Freekeh, freekeh, freekeh!

16 November, 2020


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Chef Fadi Kattan

Some peo­ple say I am mad about freekeh, that fan­tas­tic earthy, intense grain. The world has been tak­en by the super grain trend and freekeh fig­ures some­where high up among the most adored ones.

But what is freekeh? Ety­mo­log­i­cal­ly the name comes from the ara­bic yofrok, the action of rub­bing in between your hands. The green durum wheat grain is har­vest­ed while still young and moist, sun­dried for a day or two and then piled up and set on fire in an impres­sive­ly craft­ed way, tak­ing into con­sid­er­a­tion the wind, the place­ment and mas­ter­ing the flames so as to char the grains but not burn them. The result is heaps of charred wheat that then go through the process of being rubbed in order to remove the burnt shells by rub­bing vig­or­ous­ly the grain in between one’s palms or by thrashing.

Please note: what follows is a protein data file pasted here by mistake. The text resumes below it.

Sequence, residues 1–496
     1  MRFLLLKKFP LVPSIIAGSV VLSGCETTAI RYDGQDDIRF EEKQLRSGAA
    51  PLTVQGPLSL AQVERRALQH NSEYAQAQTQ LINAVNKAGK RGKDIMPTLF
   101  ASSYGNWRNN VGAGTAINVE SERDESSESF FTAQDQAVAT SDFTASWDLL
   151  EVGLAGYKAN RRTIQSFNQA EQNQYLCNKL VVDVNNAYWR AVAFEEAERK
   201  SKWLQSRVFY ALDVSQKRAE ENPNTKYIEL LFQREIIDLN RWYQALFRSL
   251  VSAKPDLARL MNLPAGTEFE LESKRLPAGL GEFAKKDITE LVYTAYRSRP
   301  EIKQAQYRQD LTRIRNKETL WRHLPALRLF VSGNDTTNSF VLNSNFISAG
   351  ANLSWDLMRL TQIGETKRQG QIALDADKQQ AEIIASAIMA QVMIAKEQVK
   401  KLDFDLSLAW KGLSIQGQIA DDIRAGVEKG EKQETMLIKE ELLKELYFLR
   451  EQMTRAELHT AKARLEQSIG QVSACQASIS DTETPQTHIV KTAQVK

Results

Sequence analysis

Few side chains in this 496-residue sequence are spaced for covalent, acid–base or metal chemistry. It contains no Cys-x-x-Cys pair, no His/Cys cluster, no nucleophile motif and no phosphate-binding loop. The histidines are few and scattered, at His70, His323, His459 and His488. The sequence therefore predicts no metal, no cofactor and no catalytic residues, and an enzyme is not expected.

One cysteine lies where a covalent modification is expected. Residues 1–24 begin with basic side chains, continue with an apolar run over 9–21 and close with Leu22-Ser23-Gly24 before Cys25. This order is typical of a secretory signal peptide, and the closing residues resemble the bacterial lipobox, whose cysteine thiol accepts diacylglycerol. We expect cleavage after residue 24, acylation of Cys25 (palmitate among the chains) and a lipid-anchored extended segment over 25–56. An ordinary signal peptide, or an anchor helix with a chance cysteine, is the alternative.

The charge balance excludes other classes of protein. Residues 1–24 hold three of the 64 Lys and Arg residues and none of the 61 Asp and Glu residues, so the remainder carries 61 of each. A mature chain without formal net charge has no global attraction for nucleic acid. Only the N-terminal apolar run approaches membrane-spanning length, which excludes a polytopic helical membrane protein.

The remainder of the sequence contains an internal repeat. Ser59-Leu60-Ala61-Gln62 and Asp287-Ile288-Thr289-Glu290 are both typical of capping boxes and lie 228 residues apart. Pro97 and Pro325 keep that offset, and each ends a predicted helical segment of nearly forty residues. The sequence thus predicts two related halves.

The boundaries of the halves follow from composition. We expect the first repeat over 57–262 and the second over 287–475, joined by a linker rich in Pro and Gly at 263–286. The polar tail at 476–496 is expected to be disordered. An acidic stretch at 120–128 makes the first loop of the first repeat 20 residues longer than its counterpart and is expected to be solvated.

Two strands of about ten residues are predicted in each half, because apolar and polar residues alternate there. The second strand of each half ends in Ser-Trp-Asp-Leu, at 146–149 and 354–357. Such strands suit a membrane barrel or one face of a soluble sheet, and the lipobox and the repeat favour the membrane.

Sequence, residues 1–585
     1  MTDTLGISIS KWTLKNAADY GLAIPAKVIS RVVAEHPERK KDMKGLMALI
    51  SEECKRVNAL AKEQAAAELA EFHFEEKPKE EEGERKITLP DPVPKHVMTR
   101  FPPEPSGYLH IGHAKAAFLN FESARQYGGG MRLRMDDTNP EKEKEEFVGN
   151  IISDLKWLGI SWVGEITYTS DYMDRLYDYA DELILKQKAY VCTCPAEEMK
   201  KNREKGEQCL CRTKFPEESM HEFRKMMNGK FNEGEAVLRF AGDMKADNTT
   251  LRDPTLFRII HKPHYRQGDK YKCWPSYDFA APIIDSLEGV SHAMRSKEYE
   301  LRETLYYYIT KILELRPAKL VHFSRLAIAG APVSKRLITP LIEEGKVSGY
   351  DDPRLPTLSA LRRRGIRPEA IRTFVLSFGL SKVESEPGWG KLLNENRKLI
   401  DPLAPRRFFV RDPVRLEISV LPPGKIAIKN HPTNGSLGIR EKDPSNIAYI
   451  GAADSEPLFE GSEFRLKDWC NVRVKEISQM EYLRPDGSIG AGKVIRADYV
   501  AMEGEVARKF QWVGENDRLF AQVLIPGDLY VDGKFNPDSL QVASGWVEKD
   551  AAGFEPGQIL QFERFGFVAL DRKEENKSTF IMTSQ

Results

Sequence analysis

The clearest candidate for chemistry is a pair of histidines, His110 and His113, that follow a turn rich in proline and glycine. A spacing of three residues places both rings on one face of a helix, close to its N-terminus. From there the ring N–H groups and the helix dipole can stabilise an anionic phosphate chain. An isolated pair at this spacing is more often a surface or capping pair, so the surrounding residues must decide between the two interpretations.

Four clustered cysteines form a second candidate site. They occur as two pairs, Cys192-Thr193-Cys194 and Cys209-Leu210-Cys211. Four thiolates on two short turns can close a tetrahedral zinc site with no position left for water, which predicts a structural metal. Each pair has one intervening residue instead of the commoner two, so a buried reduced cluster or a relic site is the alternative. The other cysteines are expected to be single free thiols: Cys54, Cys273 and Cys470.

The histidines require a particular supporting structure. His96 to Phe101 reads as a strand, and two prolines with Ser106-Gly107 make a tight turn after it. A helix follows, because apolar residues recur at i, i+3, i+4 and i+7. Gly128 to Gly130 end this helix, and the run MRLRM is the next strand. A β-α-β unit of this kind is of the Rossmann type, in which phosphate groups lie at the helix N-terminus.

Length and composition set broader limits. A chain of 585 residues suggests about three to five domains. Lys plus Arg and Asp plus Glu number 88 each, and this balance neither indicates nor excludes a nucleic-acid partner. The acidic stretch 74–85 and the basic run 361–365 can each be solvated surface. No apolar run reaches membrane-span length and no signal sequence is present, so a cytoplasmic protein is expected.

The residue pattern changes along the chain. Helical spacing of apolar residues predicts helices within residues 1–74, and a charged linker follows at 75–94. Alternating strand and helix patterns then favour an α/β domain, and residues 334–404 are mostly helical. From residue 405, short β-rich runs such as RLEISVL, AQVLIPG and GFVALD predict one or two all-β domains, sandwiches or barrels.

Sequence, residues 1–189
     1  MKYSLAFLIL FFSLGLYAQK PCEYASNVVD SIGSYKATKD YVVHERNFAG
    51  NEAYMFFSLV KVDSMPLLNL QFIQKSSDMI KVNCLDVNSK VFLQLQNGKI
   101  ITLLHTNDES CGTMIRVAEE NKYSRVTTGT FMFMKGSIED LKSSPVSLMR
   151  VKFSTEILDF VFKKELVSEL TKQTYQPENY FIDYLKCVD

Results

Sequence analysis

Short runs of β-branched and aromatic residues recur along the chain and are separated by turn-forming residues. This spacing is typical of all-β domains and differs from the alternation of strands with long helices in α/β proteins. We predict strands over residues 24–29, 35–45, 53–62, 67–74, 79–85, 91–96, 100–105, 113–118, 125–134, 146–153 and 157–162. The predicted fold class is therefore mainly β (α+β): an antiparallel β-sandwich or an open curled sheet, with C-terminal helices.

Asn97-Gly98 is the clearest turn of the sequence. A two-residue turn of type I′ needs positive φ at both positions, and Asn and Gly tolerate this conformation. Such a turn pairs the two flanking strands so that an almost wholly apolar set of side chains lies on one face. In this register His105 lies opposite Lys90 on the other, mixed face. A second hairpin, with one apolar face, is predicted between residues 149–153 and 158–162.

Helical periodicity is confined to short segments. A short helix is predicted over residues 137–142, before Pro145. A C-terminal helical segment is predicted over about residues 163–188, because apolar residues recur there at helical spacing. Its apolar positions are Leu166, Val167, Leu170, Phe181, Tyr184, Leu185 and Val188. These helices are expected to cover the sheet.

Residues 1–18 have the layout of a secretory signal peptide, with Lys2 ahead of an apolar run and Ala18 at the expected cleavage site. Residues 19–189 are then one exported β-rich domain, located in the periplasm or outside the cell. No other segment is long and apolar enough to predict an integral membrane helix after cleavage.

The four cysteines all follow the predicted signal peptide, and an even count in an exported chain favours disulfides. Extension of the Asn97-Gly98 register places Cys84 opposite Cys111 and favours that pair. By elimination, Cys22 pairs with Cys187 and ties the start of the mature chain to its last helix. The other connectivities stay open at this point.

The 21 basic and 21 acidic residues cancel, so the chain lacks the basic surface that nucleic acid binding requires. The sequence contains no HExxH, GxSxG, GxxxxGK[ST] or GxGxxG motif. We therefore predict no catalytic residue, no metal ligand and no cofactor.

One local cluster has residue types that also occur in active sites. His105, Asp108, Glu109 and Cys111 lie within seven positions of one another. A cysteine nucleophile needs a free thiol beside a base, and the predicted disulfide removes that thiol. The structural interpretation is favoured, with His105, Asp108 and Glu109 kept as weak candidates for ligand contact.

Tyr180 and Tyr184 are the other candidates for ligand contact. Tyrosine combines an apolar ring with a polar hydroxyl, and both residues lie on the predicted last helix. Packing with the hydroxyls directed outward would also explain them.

…from freekeh to Fadi's risotto…

The sto­ry behind freekeh is that in 2300 B.C, a nation in our region was prepar­ing to be attacked by a neigh­bor­ing aggres­sor and picked their wheat green and young. They stored it in the hope that the town would resist the aggres­sor. That failed dra­mat­i­cal­ly and the aggres­sors burned down the stor­age build­ings. The sur­vivors, not want­i­ng to let their wheat go to waste, end­ed up rub­bing off the burnt shells. They cooked the wheat and thus freekeh came into our cuisine!